Paul Casey lifted his second PGA Tour trophy, and first in nine years, at the Valspar Championship, defeating a resurgent Tiger Woods by a single shot at Innisbrook.
It was a day to remember for English golf. It’s certainly not often there’s been two English winners lift trophies on both the European and PGA Tour’s on the same day, but Sunday brought drama and a stellar display of golf from compatriots Matt Wallace and Paul Casey at both the Hero Indian Open and the Valspar Championship.
For Casey, who has openly admitted his struggle to finish strongly on a Sunday, it was his ability to post a 6-under par 65 in the final round which ended a 3,262 days wait for a trophy.
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Playing nine groups in front of the leaders, Casey got in early to post the clubhouse lead at 10-under-par with a joint lowest round of the week, and had to wait an agonising 80 minutes to find out if anyone would catch him.
While the leading group of Conners and Justin Rose fell away from contention, Patrick Reed gave himself the best chance. Heading down the last, Reed needed a par to force the play-off, but a misjudged birdie putt saw his ball roll back to his feet and a resulting chip left a tap-in for bogey.
After Reed, there was just one solitary, but familiar name that could possibly challenge Casey’s title hopes. Tiger Woods. Not many would bet against Woods, even though he’s only just back from a fourth back surgery, to birdie his final two holes to match Casey’s target, and he gave himself a chance by holing a 44 foot putt on 17 to get within one.
An iron off the tee on the par-four 18th left Woods with a longer iron in to the green, but he couldn’t hole his 30+ footer for birdie, leaving him one adrift. Still, it was incredible to watch him in contention to win a tournament on the 72nd hole once again, and it turns out Casey agreed – taking to social media to jovially point out he beat the Big Cat for probably the first time in his entire career.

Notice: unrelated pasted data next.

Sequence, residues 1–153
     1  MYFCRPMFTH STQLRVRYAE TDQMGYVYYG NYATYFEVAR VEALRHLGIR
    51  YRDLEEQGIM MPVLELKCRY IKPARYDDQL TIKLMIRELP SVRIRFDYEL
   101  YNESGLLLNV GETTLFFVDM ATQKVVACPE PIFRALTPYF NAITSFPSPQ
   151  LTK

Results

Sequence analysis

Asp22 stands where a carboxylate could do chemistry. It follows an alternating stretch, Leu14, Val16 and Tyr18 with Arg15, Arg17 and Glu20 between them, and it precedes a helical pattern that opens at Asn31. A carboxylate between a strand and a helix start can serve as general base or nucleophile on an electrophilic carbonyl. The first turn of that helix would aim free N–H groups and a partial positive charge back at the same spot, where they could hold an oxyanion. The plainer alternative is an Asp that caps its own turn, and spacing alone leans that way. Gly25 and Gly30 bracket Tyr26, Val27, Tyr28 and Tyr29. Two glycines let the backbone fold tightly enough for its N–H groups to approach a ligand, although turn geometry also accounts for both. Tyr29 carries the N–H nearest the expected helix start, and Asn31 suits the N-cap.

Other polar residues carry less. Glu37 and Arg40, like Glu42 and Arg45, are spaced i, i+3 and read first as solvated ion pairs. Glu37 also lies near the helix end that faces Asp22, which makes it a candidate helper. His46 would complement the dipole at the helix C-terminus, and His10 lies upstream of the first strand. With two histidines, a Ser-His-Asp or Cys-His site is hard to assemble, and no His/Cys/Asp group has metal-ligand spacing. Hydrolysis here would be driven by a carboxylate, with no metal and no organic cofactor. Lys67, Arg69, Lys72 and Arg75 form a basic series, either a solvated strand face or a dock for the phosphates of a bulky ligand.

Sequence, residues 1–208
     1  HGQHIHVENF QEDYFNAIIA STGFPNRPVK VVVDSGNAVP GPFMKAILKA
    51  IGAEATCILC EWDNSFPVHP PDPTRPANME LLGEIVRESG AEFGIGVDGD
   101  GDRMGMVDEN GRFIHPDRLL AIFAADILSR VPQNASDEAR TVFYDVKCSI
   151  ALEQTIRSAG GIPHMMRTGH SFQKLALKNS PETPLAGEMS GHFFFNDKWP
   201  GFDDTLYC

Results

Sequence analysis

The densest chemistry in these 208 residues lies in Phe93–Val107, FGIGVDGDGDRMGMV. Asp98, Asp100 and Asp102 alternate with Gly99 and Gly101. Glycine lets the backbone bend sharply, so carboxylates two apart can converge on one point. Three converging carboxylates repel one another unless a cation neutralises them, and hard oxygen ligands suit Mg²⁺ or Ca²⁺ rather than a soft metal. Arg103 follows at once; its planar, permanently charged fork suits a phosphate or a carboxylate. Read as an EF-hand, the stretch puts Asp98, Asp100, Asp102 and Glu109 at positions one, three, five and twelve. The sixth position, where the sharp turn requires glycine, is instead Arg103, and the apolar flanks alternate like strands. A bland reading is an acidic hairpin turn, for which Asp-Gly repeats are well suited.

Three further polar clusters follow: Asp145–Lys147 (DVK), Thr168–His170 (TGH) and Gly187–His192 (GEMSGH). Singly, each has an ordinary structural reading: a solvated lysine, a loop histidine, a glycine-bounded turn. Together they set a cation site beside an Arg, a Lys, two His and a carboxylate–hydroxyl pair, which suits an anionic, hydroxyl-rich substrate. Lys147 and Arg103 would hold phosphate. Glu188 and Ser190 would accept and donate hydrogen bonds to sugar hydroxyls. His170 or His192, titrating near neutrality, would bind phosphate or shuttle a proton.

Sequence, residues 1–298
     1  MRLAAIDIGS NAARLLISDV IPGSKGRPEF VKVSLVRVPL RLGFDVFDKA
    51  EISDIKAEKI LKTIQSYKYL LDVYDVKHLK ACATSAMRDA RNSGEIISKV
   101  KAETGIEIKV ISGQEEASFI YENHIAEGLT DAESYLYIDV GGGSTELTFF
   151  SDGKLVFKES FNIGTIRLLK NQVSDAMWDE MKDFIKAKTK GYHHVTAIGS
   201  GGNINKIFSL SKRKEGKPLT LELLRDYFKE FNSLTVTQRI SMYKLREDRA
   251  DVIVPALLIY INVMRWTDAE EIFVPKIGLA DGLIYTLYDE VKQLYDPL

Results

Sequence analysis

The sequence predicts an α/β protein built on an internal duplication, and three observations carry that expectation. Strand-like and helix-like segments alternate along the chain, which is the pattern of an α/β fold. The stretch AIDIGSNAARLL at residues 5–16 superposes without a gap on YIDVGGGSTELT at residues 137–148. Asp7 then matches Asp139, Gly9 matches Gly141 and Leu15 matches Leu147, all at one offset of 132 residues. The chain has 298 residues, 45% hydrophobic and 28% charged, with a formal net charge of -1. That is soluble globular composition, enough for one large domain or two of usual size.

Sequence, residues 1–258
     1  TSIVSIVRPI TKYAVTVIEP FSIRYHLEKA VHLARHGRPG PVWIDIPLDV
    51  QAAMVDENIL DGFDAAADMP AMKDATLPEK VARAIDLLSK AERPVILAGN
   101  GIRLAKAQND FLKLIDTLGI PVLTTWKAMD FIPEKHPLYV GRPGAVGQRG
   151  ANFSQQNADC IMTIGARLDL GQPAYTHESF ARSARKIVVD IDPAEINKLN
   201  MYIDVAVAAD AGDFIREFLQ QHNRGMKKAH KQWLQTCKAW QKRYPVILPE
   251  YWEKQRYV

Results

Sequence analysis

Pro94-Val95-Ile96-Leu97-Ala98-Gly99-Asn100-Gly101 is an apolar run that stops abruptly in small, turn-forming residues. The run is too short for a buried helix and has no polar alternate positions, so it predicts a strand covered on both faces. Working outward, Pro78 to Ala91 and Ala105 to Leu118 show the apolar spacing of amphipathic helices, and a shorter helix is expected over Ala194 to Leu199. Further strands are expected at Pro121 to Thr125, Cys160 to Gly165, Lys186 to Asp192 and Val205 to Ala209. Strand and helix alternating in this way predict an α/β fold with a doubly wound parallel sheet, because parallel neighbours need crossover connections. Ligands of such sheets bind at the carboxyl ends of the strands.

“I’m sure he was disappointed he didn’t get the victory,” Casey said. “I actually thought he was going to win today before the round started. I thought it was just teed up beautifully for him.
“I said a couple times if I don’t win this thing, I actually want Tiger to win it. I’m glad it’s this way.”
Of his own victory, Casey admitted the win was one of the more satisfying of his career. Until now, he had 13 European Tour victories and just a solitary win on the PGA Tour, and it felt a long time coming.
“[It’s] Probably not the most significant win of my career, but it’s certainly one of the most satisfying ones,” Casey said. “The quality of golf that I played. I know I made some errors on the round yesterday, I hit it in the water twice but as a whole I would say it’s one of the cleanest weeks I’ve ever had from kind of a golf course management point of view. …
“Houston was obviously great fun. My eyes are much more open right now. I’ve taken a lot in. Your last win is always your best one because it’s the freshest.”
As for Tiger, he’d missed being in contention as much as we’d missed it, and took to twitter after his round to say he feels he’s getting better. So far in the five tournaments he’s played in his comeback, Woods has finished T9-T23-MC-T12-T2. He’s definitely trending in the right direction, and he heads to Bay Hill next week for the Arnold Palmer Invitational – an event he’s won eight times in his career.
“I keep getting just a little bit better and a little bit sharper,” Woods said after finishing at 9 under. “Today I wasn’t quite as sharp as I would’ve liked to have had it, but I had a good shot at winning the golf tournament.
“A couple of putts here and there and it could’ve been a different story.”
As for Bay Hill?
“It’s going to be good for me to get back,” Woods said. “I’ve had some great memories there.”